Xerox has split itself into two companies, one focused on hardware while the other revolves around services. JungleDisk has broken away from Rackspace, and Toshiba is reportedly interested in selling part of its chip making business.

dotCloud, the company from which Docker originated, has closed down after its parent company went bankrupt. Facebook has announced that it is closing down its Parse mobile development service.

Dropbox diversity

Dropbox this week released its latest set of diversity figures, and things seem to have gotten worse. 59% of the company was white (up 4% on 2014) and 68% male (up 2%). “We know we have to do a lot better,” Judith Williams wrote in a blog post. “Our goal is to continue to increase the number of women and underrepresented minority applicants in our pipeline and make sure we remove any biases in the hiring process.” Dropboze aren’t the only overwhelming white & male tech company, most companies releasing figures have seen little shift over the last 12-18 months.


In the US, the FAA has seen the number of drones registered hit 300,000 in just 30 days. According to new research, the commercial drone industry is due to boom in 2016 as well. Juniper Research predicts revenue from commercial drones sales will reach $481 million this year, up from $260 million in 2015.

Meanwhile, a local rival of China’s Alibaba, has announced that it is to start testing drone delivery for its rural customers.

From fridges to watches

It makes sense for mobile companies to make smartwatches, it makes sense for sports companies to make smartwatches/bands, it makes sense for watch companies to make smartwatches. But what about companies that make fridges? Chinese electronics maker Haier, best known for appliances such as fridges, washing machines and dishwashers, has announced a new range of watches and fitness bands that will be shown off at MWC next month.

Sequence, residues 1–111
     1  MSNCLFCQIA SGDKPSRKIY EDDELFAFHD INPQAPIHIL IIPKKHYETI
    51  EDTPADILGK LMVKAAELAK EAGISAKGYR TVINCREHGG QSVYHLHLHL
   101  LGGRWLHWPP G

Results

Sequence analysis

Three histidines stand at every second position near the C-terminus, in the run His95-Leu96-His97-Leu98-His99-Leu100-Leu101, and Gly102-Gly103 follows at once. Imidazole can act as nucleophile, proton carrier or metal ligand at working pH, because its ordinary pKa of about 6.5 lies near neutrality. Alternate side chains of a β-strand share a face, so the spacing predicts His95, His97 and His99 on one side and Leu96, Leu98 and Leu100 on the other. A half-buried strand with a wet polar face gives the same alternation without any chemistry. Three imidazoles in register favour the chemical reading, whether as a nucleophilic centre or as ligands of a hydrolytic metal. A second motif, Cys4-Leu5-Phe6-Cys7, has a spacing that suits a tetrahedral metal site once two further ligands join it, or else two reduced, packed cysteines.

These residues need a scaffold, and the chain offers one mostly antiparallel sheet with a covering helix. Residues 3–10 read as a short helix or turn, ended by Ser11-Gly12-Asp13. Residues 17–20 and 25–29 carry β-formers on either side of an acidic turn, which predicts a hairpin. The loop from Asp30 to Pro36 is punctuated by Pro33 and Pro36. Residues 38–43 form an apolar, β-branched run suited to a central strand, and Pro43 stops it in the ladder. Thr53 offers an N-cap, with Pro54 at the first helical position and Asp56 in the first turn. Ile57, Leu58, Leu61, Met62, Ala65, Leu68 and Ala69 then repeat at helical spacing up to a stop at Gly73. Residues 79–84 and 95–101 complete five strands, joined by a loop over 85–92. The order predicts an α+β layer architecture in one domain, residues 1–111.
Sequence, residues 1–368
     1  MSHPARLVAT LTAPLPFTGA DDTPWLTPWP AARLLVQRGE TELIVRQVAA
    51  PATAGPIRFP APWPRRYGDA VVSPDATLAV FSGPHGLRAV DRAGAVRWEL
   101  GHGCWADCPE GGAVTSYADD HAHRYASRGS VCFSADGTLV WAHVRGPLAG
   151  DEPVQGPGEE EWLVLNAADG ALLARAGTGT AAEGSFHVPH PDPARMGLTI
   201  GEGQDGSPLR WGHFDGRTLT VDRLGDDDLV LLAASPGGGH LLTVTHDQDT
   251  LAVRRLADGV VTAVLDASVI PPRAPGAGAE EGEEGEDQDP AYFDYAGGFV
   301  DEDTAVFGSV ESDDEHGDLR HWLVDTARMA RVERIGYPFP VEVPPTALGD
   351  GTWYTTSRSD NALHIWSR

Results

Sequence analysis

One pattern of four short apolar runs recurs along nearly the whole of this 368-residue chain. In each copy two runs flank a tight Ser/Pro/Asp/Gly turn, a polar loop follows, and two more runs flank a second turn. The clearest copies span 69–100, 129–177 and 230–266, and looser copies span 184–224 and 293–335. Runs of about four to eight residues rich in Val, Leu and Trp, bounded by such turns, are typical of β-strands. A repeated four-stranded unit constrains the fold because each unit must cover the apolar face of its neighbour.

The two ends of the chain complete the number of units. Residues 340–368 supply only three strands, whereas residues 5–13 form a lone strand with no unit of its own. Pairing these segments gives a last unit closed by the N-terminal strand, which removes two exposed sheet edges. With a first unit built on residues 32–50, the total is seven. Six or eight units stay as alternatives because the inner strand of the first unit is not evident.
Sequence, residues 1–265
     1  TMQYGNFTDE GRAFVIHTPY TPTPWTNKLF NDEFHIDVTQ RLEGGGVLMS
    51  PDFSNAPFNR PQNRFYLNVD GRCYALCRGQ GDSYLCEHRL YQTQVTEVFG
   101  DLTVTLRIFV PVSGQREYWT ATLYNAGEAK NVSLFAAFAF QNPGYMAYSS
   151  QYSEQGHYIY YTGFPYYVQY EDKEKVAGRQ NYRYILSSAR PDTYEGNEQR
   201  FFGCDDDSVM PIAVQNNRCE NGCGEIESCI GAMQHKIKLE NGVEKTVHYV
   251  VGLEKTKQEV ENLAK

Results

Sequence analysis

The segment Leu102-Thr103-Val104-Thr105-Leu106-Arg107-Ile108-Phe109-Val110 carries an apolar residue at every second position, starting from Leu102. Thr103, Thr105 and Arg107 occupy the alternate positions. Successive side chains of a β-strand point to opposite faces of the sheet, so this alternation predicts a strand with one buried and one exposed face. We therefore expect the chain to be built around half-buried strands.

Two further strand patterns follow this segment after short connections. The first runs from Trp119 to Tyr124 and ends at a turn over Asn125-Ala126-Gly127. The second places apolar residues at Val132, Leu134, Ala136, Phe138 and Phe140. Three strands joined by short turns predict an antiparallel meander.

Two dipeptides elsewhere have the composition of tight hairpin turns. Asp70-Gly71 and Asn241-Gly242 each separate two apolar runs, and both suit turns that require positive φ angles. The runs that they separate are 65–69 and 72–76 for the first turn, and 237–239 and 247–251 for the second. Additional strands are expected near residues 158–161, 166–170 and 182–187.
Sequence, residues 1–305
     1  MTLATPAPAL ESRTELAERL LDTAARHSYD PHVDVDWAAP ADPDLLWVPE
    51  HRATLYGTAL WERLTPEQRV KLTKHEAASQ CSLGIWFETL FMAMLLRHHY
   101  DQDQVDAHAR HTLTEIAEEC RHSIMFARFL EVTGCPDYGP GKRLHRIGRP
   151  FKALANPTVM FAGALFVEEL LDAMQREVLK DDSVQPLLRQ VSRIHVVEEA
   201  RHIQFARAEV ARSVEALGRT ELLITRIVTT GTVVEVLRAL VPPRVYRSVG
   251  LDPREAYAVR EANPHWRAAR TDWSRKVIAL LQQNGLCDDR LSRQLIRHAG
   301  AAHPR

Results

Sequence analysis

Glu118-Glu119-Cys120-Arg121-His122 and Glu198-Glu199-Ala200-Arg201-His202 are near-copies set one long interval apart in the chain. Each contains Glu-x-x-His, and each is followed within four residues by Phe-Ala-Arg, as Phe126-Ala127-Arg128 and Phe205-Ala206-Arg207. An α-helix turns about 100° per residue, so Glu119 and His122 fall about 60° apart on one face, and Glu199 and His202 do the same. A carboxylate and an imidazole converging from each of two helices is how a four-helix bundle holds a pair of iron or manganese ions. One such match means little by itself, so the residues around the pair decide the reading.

Hacking cars

The automotive industry might currently be engulfed in an emissions software scandal, but not so long ago it was freaking out about the fact researchers could hack a Jeep remotely while the thing was in motion. It’s kind of all been forgotten about but the problem hasn’t really been solved. “We are a long way from securing the non-autonomous vehicles, let alone the autonomous ones,” said Stefan Savage, computer science professor at the University of California at the Enigma security conference this week. He warned that the multitude of sensors and connectivity points means the attack surface for AI cars was even worse than regular cars. Panic stations, everyone.

Microsoft’s Paul Allen, noted marine conservationist, destroys protected coral reef

He might be one of the most generous people in tech, but Microsoft co-founder Paul Allen is in hot water after destroying the majority of a protected coral reef with his boat. The Guardian reports that Allen’s boat, the 300ft MV Tatoosh, ripped up 14,000 square feet of coral reef in the Cayman Islands, representing some 80% of the West Bay replenishment zone. Allen, a noted marine conservationist, may be fined up to $600,000.

In March of last year, Allen discovered a World War 2 battleship off the coast of the Philippines.


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Dan Swinhoe

Dan is a journalist at CSO Online. Previously he was Senior Staff Writer at IDG Connect.